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Therapy reflections: Why do certain clients not want to talk in their native language in therapy?



Curiously, certain clients prefer to speak a different language than their mother tongue (e.g. English rather than German/Spanish/etc.; Dutch rather than their native German/Spanish/Etc.). And the reason for this is not always obvious. Sometimes, I don’t speak their mother tongue, and then they accomodate me/us, for the therapy to be possible. Sometimes, there might be an intermingling of their vocabulary and they simply feel more comfortable speaking in another language that somehow is more consolidated at this point. This could be the case with internationals that have lived abroad many years and/or went to international English speaking schools or university. They feel that certain content is more easily expressible in the language they use more frequently - and somehow their original mother tongue now has become more simplified. I catch myself sometimes being at loss for words in German or by accident inserting a Dutch word. The slightly shocking realization that one develops an accent in one’s mother tongue might be the price for the enriching experience of living abroad or speaking several languages. Moreover, there might be biological causes like strokes, head injuries or dementia which can also make a client unable to speak a language, revert to one that is familiar, or lose overall fluency.


Language as Avoidance

Some clients do not only have mental content* stored in different experiential levels (e.g. physical, emotional, cognitive, or spiritual) but also in different linguistic levels. For instance, if a client spoke Japanese and Korean in their family home, certain content might be more easily accessible in one of those languages. However, I’ve had it more than once that native Germans prefer speaking in English to me, fully aware that I’m also a native German speaker. Or a native Dutch client wanting to speak English, clearing stating it would be too painful to express themselves in Dutch. This is a sign of avoidance. Often times, when we get to a certain point in therapy, the language switches to the native language - somehow specific emotional content is more easily accessible or verbalized in the language that has been avoided. Maybe the trust between us has grown, or maybe a traumatic experience is more easily utterable in one particular language. Or maybe there is some other reason… but it often seems to be working on a more unconscious level. When, during an intake I notice that one language, that we both speak and would be more common sensical to use, I tend to briefly address it - just as a way to explore if there is an underlying process occuring or a more practical reason.

*mental content like emotions and cognitions are more and more considered to be stored on several intertwined levels from one’s body (see for instance The Body keeps the Score by Bessel van der Kolk or Antonio Damasio’s work on embodied cognition)

Language as Connection

Sometimes languages get mixed up and the client for instance inserts English words, whilst usually talking in Spanish to me. This is completely fine by me, if it somehow is conducive to a better understanding or exploration of a certain issue. On the other hand, my Portuguese is so rusty that I often speak a kind of portuñol (mixing Spanish with Portuguese), just to get my point across. It’s not ideal, but if there is no more fluent therapist or translator available… I guess it’s the best option we have in order to establish a therapeutic relationship. But clients tend to be very pleased being able to speak in their preferred language.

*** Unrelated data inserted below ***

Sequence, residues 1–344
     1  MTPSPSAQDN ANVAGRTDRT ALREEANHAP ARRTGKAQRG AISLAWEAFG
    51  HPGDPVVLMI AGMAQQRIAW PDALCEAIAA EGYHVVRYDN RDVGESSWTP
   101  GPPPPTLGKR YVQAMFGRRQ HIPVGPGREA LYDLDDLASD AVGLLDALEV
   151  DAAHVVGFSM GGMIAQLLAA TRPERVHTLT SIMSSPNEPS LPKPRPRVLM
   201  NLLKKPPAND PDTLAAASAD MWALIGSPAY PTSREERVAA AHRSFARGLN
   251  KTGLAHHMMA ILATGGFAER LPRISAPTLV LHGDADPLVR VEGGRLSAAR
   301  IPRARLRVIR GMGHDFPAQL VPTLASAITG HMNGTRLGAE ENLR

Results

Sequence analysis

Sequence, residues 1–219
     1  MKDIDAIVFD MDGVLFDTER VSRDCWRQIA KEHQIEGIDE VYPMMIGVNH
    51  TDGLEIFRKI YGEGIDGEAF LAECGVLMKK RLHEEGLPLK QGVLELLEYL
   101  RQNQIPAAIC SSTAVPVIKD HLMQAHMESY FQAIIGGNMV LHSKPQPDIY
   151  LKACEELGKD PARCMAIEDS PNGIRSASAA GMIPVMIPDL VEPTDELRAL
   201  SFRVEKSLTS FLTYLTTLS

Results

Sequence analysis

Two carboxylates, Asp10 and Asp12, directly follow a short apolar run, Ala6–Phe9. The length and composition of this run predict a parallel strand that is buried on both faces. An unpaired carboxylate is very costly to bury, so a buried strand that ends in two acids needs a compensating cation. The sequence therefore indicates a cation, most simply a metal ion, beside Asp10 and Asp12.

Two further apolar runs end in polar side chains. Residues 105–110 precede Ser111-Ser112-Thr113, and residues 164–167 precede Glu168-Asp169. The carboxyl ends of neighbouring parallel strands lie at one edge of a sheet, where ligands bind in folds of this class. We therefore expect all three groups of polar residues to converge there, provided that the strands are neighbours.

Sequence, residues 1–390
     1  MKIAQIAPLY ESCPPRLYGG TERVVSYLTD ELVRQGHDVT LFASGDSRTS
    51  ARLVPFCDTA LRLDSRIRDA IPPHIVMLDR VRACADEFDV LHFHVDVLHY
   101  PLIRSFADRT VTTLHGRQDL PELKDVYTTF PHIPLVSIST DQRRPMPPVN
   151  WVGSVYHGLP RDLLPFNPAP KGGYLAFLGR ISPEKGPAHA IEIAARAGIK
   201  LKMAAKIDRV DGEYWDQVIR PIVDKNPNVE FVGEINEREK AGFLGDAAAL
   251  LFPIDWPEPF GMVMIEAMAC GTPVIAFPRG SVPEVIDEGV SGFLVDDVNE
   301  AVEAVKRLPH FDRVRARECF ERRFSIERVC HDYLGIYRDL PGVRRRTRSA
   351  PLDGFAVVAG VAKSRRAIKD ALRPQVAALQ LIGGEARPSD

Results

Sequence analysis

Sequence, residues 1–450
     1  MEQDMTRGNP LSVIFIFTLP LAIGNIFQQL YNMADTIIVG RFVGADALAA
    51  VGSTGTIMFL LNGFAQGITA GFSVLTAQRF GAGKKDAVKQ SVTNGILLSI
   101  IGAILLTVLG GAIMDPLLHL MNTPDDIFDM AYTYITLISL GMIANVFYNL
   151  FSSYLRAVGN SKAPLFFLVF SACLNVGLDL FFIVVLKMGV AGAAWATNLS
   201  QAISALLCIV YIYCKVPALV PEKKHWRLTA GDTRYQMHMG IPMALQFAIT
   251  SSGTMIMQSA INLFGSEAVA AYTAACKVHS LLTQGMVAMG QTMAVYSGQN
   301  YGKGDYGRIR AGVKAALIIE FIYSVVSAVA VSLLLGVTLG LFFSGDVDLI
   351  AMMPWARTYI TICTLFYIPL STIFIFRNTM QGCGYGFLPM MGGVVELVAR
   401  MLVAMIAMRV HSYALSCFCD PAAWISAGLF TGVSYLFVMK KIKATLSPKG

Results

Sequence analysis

Leila Verkerk and colleagues (2021) investigated multilingualism in psychotherapy and found that “language choice influenced the therapeutic process and its outcome in terms of discussing emotional topics, establishing and maintaining rapport with the client, and managing linguistic and cultural differences.” Verkerk et al (2021) mention that language switching can serve various functions namely:

  • to recall specific memories

  • to use more socially acceptable language (e.g. for swearing or taboo words)

  • to be more precise, use words with a different connotation (to avoid ambiguity)

  • to exclude a third person from the conversation (e.g. in family therapy to exclude another family member who doesn’t understand the other language)

  • when talking about highly emotional topics, dreams, or traumas

  • to decrease the emotional load of a subject, i.e. “language switching occurs when clients try to connect to deeper feelings and when the topic is emotionally intense”

The language used in therapy serves as a tool for connection to achieve understanding and healing. Non-verbal therapeutic interventions do just the same. For instance play therapy or body-based psychotherapies can be just as effective therapies as talking therapies, and at times maybe even more able to help process pre-verbal traumas. I am sure there might be more reasons why clients don’t use one of their native language, that would be interesting to explore, but the use of language in the therapy is mainly a means to an end: to establish a connection.

Reference

Verkerk, L., Backus, A., Faro, L., Dewaele, J.-M., & Das, E. (2021). Language Choice in Psychotherapy of Multilingual Clients. Language and Psychoanalysis, 10 (2), 4-22. https://doi.org/10.7565/landp.v10i2.5542

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